Album of the Week, October 11: City to City by Gerry Rafferty
October 11, 2015 Leave a comment
Gerry Rafferty was born and raised in the Scottish town of Paisley. He learned Irish and Scottish folk songs from his mother and developed a passion for Dylan and the Beatles. After leaving school he worked a variety of odd jobs, always intent on finding his way into a career in music. He and school chum Joe Egan performed together in a couple of bands, then Rafferty made his first big move. He joined Billy Connolly and Tam Harvey in the folk-pop group the Humblebums. Harvey soon departed, and the remaining duo recorded two solid albums of Connolly’s bluesy folk and Rafferty’s folk-tinged pop. When they split, the singer recorded his first solo album, the lovely Can I Have My Money Back? Producer Hugh Murphy and cover painter John “Patrick” Byrne would remain fixtures for much of Rafferty’s career. Joe Egan co-wrote a couple of songs on the disc, and the pair decided to form a new band. Stealers Wheel had some initial success, but internal tensions and label problems cased the group to fracture. Legal issues arising from that breakup kept Rafferty from releasing any music for over three years. He made the most of that time.
|Title||City to City|
|Label||United Artists||Release Date||January 20, 1978|
|U.S. Chart||#1||U.K. Chart||#6|
[U.S. Hot 100]
Rafferty spent long hours shuttling between Glasgow and London while he worked to resolve his legal problems. Those journeys — and the time it caused him to spend away from his family — provided inspiration for a wonderful set of songs. He kept in contact with friends in the music industry, so when he was finally able to return to the studio, he and producer Murphy assembled a crack band for the project. Rafferty took his diverse musical interests and filtered them all through the folk-pop lens he had refined in his early work, creating a cohesive sound that was instantly recognizable. The result was a pop masterpiece that propelled him to a level of fame he never expected.
Things open with a direct nod to Rafferty’s folk roots. The Ark opens with a nice fiddle-and-whistle tune before the drums kick in, propelling a beautiful song of journeying. Using the ancient story as a metaphor for new beginnings — with some dark times around them — Rafferty presents a compelling start to the album. A steady beat with quietly surging guitars provides the waves on which his vocals sail, welcoming the listener to a wonderful adventure.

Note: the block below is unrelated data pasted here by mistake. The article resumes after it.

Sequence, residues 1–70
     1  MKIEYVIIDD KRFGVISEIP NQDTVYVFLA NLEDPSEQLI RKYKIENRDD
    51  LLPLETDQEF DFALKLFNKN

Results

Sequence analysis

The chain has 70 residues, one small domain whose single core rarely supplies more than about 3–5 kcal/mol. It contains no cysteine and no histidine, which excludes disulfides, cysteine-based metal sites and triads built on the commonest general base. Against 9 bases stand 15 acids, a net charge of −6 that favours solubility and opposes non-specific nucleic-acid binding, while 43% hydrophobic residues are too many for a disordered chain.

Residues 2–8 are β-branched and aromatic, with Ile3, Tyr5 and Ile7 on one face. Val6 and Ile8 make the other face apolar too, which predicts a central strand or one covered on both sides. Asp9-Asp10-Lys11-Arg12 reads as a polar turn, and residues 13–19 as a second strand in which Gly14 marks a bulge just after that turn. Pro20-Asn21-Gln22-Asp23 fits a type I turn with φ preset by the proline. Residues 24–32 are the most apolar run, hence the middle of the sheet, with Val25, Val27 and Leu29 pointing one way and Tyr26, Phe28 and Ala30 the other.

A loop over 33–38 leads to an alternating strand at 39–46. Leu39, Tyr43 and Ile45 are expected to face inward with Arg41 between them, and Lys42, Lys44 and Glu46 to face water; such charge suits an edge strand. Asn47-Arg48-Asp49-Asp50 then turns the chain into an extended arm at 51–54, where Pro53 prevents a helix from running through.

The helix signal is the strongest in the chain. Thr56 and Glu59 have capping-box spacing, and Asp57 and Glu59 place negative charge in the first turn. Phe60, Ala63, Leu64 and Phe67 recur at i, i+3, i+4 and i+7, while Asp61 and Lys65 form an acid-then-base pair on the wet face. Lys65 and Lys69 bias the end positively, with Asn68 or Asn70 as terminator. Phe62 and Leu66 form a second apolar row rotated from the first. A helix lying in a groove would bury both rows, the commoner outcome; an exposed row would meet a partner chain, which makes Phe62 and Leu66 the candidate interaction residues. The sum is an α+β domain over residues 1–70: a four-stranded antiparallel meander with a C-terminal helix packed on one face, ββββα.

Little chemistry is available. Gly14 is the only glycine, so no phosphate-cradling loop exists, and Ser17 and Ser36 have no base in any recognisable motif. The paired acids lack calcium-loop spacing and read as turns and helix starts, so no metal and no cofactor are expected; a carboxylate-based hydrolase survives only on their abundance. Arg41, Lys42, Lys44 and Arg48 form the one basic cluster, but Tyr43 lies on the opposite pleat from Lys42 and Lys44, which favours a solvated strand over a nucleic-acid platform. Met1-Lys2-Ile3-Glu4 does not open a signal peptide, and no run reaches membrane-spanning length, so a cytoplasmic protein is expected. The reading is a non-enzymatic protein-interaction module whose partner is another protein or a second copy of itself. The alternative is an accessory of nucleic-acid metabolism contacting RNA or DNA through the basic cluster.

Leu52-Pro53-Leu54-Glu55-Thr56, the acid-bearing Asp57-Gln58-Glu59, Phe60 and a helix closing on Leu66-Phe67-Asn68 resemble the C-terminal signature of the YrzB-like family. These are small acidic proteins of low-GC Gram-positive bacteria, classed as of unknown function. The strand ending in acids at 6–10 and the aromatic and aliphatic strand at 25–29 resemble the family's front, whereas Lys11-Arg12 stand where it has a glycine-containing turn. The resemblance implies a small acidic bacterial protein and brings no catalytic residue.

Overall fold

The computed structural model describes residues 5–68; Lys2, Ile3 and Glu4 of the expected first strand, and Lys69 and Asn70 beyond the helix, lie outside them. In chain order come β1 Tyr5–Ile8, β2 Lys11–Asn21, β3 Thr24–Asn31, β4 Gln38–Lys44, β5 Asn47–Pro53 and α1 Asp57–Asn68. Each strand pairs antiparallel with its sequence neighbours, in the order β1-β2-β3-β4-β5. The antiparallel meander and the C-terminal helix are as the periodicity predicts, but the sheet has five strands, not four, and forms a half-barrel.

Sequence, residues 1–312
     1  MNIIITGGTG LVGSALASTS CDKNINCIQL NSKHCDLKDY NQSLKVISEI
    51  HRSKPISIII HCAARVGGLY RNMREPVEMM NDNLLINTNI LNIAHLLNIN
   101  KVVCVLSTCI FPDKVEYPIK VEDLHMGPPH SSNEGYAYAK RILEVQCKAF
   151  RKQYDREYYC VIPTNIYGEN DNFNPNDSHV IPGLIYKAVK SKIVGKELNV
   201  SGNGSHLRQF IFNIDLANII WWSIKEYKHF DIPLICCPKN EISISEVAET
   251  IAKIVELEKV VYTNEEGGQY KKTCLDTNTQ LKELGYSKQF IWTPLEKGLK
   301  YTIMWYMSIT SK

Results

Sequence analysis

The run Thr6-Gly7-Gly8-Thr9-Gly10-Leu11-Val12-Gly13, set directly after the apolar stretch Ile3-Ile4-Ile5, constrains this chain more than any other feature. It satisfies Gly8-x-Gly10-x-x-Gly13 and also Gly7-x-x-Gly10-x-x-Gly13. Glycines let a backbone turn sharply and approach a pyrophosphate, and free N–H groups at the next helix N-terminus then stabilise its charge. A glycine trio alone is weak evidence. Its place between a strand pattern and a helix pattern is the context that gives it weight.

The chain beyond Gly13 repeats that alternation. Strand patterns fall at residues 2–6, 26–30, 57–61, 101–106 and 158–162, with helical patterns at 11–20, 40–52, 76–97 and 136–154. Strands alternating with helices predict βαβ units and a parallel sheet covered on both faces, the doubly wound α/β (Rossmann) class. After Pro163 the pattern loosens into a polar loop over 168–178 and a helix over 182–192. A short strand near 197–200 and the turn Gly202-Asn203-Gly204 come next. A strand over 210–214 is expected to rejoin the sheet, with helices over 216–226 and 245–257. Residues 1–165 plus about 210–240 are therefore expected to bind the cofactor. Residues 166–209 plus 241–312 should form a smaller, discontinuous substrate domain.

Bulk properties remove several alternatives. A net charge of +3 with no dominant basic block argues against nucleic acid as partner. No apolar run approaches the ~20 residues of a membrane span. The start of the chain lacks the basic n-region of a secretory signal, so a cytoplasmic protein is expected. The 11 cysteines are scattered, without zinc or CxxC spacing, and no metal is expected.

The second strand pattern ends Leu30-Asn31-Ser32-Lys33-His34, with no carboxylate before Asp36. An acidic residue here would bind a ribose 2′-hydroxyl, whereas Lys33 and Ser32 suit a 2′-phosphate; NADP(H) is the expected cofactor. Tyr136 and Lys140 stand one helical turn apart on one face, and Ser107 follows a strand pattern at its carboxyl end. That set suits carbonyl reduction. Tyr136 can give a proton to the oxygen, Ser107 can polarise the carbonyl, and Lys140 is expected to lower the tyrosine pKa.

Baker Street is a direct reflection of his divided life, relating the dark times he spent in London. It’s an epic song, told smartly in second person to make the very personal story resonate on a universal level. Arguably the finest moment in a sterling career, it also became Rafferty’s biggest hit, trapped behind Andy Gibb for six weeks at #2. Rafferty got his own back, however, when City to City hit #1 on the album chart, dislodging the monster soundtrack to Saturday Night Fever.
The second single is up next, the enchanting Right Down the Line, a touching tribute to his wife and the strength he drew from her during his travelling time. It’s a smart, beautiful song, showing off another side of Rafferty’s pop expertise. The title track is a classic train song, featuring a wonderful harmonica line and a rail-conjuring rhythm section. Noting the tedium of travel — and the small pleasures of the journey — Rafferty promises to return home as quickly as he can. City to City allows the narrative to run both directions, and avoiding explicit destination names allows the story to apply to anyone out on the road. Side one wraps up with the bluesy ballad Stealin’ Time a reflection on the practical losses of separation. Maintaining a strong undercurrent of hope, Rafferty makes the most of another look at relationships and distance.